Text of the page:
How can I ever start by describing my time spent here in Corsica?
I can’t really.
Special doesn’t even begin to cover it. Inspiring, amazing, phenomenal….nah those are just fancy descriptive words.
Corsica has been a dream come true and one of the many reasons is due to the company (Jimmy obviously) but also the food and one place in particular.
Jimmy and I spent our second to last night here in Corsica sampling the ‘expérience gastronomique’ of the restaurant “La Table de La Ferme” located within the beautiful bounteous compound of the Domaine de Murtoli hotel where we have spent the past deliriously happy 7 days.
The Restaurant is situated at the heart of the wondrous 6000 acre estate on the southern peninsula of Corsica. It is an indoor/outdoor garden Restaurant which overlooks the ample (Small) kitchen garden (the large being a few hundred yards away which puts Le Manoir to shame on its size factor) and next door to the tapas restaurant (I will write this up at some point. Phenomenal)
We sat down to a romantically lit table in the corner and had never been so excited.
The head chef, Mathieu Pacaud (the son of the infamous Bernard Pacaud head chef of 3 Star restaurant L’Ambroisie) leaves his existing 4 restaurants in Paris (Hexagon, History, Divellec and Apicius) and takes lodgings at the Domaine for the summer season and works exclusively at La Ferme. The restaurant is celebrating 3 years and 1 Michelin star this summer. Estate owners Paul & Valerie Canarelli are not only passionate about the produce and ingredients that are grown in abundance within Corsican soil, but they clearly wanted to make sure they not only had the right chef who has a deep understanding of the uniqueness of Corsica (Pacaud is originally from Corsica) but an artist who could create plates of simplistic genius showing off the authenticity and beauty of the surroundings. They definitely found this in Pacaud.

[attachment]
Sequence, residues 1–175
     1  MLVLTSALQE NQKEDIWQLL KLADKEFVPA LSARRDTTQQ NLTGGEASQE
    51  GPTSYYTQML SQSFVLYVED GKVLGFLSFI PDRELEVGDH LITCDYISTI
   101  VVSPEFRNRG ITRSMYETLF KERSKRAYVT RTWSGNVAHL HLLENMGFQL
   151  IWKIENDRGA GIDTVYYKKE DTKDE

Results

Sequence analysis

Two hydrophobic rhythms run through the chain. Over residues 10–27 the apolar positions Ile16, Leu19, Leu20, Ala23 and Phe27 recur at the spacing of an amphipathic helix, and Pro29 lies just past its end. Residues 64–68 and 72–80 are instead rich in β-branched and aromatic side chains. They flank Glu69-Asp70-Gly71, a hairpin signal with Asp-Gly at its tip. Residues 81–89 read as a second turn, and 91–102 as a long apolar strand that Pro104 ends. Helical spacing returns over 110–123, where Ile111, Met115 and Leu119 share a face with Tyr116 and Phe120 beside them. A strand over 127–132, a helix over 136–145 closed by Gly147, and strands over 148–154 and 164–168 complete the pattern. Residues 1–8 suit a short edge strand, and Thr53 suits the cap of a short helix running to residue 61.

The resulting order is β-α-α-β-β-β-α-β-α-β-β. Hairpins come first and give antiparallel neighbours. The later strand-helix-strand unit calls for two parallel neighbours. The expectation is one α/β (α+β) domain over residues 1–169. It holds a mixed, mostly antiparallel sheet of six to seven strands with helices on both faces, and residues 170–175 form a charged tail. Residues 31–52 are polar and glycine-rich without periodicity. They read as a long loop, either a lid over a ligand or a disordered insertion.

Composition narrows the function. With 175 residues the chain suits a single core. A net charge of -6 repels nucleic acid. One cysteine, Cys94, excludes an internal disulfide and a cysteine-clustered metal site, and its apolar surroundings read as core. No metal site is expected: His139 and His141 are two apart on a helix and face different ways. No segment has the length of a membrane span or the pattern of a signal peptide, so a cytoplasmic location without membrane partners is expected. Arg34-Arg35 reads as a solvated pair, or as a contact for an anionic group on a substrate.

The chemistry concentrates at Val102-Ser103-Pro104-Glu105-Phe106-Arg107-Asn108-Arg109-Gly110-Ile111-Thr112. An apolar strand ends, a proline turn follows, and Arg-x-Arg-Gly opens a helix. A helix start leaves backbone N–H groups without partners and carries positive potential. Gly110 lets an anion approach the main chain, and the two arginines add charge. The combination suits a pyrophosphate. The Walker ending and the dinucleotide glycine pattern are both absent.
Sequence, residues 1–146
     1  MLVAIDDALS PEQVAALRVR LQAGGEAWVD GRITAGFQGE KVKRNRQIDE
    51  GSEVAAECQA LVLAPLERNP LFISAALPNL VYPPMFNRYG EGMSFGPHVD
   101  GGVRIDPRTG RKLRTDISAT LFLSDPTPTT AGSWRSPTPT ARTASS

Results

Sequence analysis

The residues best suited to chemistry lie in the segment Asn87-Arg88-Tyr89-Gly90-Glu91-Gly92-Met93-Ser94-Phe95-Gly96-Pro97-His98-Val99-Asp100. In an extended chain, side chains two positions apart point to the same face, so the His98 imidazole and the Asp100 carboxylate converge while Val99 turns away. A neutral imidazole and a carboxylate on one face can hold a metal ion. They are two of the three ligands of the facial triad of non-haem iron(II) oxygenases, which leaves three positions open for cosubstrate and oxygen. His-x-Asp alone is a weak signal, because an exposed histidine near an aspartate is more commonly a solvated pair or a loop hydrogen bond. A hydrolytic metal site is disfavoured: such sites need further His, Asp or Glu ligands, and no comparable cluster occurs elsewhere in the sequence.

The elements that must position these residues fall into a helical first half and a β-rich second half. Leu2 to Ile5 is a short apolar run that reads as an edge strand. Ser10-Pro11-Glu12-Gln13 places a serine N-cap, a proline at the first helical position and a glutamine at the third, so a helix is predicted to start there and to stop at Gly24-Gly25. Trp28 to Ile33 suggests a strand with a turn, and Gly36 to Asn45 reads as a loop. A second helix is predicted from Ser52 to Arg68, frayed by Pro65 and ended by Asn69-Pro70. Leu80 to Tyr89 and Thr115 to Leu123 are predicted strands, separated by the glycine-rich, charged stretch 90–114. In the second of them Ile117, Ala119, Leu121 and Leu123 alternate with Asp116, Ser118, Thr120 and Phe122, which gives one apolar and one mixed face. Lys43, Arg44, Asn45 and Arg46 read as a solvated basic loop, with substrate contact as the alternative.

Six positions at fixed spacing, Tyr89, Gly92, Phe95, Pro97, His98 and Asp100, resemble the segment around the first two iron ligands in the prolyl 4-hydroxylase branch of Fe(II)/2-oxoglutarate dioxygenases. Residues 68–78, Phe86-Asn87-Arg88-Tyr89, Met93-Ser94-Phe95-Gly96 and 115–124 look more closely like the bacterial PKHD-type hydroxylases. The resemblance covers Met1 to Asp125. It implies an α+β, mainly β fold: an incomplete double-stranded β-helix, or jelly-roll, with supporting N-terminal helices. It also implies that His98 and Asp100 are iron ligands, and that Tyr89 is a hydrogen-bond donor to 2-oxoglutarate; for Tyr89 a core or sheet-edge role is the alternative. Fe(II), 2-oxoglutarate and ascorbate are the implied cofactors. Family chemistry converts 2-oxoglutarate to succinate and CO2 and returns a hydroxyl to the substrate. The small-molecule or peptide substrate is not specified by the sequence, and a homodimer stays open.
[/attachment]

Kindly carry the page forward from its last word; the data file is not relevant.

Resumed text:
(Sadly though Mathieu was on holiday during this time but the executive Chef did an outstanding job)
In true FFT (Food For Thought) fashion I ordered a non-alcoholic cocktail to start. A fabulous pineapple shaped glass arrived housing a fruity concoction of pineapple, coconut, mint and bitter grapefruit, it was delicious. Accompanying this were some canapés of Bruschetta with local ham from the pigs they farm here, and a red pepper mousse with a delicious fresh basil sorbet which was delightful.
There was a choice between 2 menus, 9 course and 12 course. You can imagine what Jimmy and opted for!
(Domaine de Murtoli Olive Oil)
The first starter of Johnny Dory ceviche with lime was simplicity in all its glory. You could taste the subtle flavour of the fish, you had a snippet of bitter lime, it was perfect.
Then an explosion of tomato flavours in a mousse, a jelly and a sorbet garnished with shards of crunchy almonds. It looked slightly weird but tasted wonderful and it was from then I really felt how special it was to be sitting next to the kitchen garden where all this produce had come from.
Moving onto the fish courses, Langoustine. Firstly, a cold dish which was served with pickled fennel (my new obsession since being in Corsica) caviar sitting on a set consommé made from the shells of the Langoustine. Subtle and sublime this was. If I was being VERY picky the sharpness of some of the fennel may have overpowered a bit but this didn’t matter as overall it was exquisite.
It was served on a fried egg looking plate with a hole in the middle. Which was so clever as once we had finished the cold version a hot bowl of langoustine was then placed in the centre of the plate.
This was my favourite of the savouries. A warm sweet langoustine tail sitting on a comfy bed of identically cubed vegetables and bacon encircled in a broth with flavour that was indescribably good. I mean this dish was everything and one which should undoubtedly put this restaurant into the 2 star sphere.